July 24, 2014 - Art Gallery of Ontario - Celebrates Anishinaabe artists of the Great Lakes region with exhibition
July 24, 2014

Celebrates Anishinaabe artists of the Great Lakes region with exhibition

Michael Belmore, Shorelines, 2006. Hammered copper, 213.4 x 182.9 cm. National Museum of the American Indian, 26/8459. © 2014 Michael Belmore.

Before and after the Horizon: Anishinaabe Artists of the Great Lakes
July 26–November 25, 2014

Art Gallery of Ontario
317 Dundas Street West
Toronto, Ontario
M5T 1G4

www.ago.net
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“This is a powerful exhibition that is very much about this place and its timeless connection to a distinct world view, one that continues to resonate with the Anishinaabe people.”
—Andrew Hunter, AGO

For more than 12,000 years, the Great Lakes region has produced a distinct culture of Anishinaabe artists and storytellers. The AGO celebrates those artists and stories this summer with Before and after the Horizon: Anishinaabe Artists of the Great Lakes, featuring artworks by leading modern and contemporary artists—including Norval Morrisseau, Bonnie Devine, Robert Houle, Keesic Douglas, Michael Belmore, Daphne Odjig and others—who sought to visually express the spiritual and social connections to the Great Lakes region.

Before and after the Horizon is co-organized by the AGO and the National Museum of the American Indian. Conceived by David Penney (NMAI) and Gerald McMaster (Plains Cree/Sisika First Nation), this presentation of Before and after the Horizon has been coordinated by Andrew Hunter, the AGO’s Fredrik S. Eaton Curator, Canadian Art. To celebrate this important exhibition, Hunter has organized a series of complementary interventions and installations to extend the dialogue into the AGO’s own collection of Canadian art.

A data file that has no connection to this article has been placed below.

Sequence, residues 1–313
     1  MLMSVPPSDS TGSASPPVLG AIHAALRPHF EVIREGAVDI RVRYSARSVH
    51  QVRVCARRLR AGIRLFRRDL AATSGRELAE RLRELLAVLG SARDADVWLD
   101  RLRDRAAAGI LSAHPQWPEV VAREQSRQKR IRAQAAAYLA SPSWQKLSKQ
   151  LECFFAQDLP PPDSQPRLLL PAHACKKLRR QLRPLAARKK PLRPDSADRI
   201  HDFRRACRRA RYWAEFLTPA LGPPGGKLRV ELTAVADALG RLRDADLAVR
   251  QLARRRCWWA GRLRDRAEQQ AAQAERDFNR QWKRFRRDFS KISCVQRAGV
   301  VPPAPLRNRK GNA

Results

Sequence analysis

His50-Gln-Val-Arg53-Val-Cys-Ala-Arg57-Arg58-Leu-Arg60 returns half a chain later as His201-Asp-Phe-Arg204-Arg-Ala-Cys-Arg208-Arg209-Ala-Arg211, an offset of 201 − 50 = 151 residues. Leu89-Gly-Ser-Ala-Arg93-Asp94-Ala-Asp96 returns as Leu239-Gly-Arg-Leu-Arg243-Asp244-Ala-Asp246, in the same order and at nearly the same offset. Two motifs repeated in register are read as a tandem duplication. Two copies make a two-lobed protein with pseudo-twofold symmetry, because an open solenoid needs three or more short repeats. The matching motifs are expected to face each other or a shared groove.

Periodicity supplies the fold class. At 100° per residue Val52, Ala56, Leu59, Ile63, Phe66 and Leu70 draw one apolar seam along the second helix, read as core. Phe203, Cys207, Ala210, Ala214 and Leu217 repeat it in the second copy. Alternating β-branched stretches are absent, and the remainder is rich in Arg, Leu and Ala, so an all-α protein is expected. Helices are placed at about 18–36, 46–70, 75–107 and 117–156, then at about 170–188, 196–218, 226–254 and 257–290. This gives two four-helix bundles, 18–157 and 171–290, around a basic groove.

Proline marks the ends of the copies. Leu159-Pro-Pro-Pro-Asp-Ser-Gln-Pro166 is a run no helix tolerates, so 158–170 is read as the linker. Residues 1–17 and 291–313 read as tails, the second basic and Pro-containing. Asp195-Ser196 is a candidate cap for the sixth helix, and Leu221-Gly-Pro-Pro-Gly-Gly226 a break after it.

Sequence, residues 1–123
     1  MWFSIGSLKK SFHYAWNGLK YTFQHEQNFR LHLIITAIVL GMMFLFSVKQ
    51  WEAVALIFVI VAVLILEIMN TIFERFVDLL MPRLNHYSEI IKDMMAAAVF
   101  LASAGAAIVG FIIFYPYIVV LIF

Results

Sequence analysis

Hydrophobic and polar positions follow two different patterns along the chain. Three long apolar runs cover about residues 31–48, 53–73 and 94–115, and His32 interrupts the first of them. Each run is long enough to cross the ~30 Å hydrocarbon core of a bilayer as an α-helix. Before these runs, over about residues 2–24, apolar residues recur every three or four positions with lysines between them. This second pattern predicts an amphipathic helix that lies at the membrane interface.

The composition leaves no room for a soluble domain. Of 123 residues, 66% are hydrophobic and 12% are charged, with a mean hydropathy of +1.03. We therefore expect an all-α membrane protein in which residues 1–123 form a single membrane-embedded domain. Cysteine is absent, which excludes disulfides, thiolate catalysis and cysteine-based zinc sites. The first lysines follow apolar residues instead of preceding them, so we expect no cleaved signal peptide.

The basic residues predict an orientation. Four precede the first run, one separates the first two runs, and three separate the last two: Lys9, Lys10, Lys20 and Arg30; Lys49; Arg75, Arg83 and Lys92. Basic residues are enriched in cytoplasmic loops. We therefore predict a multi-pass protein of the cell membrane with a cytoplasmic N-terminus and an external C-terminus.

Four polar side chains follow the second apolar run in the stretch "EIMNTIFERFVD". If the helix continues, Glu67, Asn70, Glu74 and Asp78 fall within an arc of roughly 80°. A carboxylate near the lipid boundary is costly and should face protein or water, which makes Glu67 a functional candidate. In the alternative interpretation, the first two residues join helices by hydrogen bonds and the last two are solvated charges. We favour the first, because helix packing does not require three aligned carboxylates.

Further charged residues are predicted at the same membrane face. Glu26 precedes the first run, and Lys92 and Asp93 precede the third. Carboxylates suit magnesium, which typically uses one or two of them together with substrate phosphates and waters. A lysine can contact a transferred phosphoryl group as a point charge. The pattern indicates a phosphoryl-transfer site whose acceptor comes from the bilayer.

Bonnie Devine, noted Ojibway artist and educator, will work with Hunter to transform one of the permanent collection galleries while Robert Houle (Saulteaux) will present a new installation entitled Seven Grandfathers in the AGO’s Walker Court.

“This exhibition is a welcome opportunity to reconsider, through various political and aesthetic interventions by Anishinaabe artists, how Canadian art history has been traditionally presented at the AGO,” said Devine. “The Anishinaabe have continuously occupied the territory around the Great Lakes for at least 12,000 years, so a survey exhibition of contemporary Anishinaabe art is overdue.”

Marking the first major exhibition of art by Anishinaabe peoples, Before and after the Horizon opens July 26 and runs to November 25.

This exhibition is organized by the Art Gallery of Ontario in collaboration with the National Museum of the American Indian.

Lead sponsor: TD Bank Group

Generously supported by Valerie Greenfield Thompson & Hunter Thompson
The Art Gallery of Ontario Foundation Board of Directors

AGO celebrates Anishinaabe artists of the Great Lakes region with exhibition
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